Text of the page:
The following is an excerpt from our report: Tracking back the smog.
In China, as clear and concrete pollution reduction goals at the central and local government levels are being set, public concern for a deteriorating living environment continue to mount. Due to a lack of detailed analysis on PM2.5 composition and emission sources, answers to the questions how much air pollution should be reduced and how to accomplish this reduction remain unclear.
Our latest report "Tracking back the smog" is the first of its kind to comprehensively analyze PM2.5 air pollution sources in the Beijing-Tianjin-Hebei region and to assess to what extent the region should act to reach the air quality targets set by China's Ministry of Environmental Protection.
In Beijing, industrial processes are a major source of primary PM2.5, and the precursor gases (SO2, NOx and VOCs) are mainly emitted by the energy and transport sectors. Based on our analysis of potential control measures, we hereby put forward these suggestions for actions to reduce PM2.5 emissions in Beijing by 2022:
- Shutdown coal-fired power plants within the capital boundary, increase percentage of electricity from renewable sources in total energy mix, and boost distributed solar and wind power. Renewable energy can be sourced from surrounding areas;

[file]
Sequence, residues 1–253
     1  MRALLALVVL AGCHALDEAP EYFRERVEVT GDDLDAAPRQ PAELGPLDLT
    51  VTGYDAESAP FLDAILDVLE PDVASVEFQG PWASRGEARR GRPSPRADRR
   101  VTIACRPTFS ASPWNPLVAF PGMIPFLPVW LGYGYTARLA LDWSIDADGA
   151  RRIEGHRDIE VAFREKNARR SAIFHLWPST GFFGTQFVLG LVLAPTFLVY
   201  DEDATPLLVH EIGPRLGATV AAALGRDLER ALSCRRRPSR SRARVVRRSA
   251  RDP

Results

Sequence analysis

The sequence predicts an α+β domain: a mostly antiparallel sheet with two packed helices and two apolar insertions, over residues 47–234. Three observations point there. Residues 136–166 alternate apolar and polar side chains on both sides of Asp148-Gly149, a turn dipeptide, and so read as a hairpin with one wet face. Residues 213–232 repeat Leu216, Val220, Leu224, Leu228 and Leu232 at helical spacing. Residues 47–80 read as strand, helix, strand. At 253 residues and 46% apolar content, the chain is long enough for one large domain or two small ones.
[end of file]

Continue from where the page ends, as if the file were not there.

- Shutdown all existing iron and steel plants and most cement plants. Install fabric filters in cement kilns and ban new cement plants;
- Apply the National VI Emission Standard to light-duty gasoline cars and heavy-duty diesel cars, and increase the percentage of buses and cabs fueled by clean energy to over 40%;
- Escalate the adoption of end-of-pipe treatments in the electric power sector. Install flue gas desulfurization and de-nitration equipment for all fossil fuel power plants. Use low-NOx burners and install fabric filters;
- Reduce VOC emissions from industrial processes.
And while Beijing, and neighbouring provinces Tianjin and Hebei are each tackling air pollution on their own, they should also build regional air pollution prevention and control mechanisms as soon as possible.
Ultimately, effective control of PM2.5 emissions has to integrate a full set of policy measures. These include reducing coal use in energy provision, strict enforcement of end-of-pipe treatment technology, monitoring of major emitting industries, upgrading small-scale boilers, and implementing regional air pollution monitoring and early warning and emergency response systems.
Head here to read the executive summary of our report 'Tracking back the smog'.
Lead image © Greenpeace / Wu Di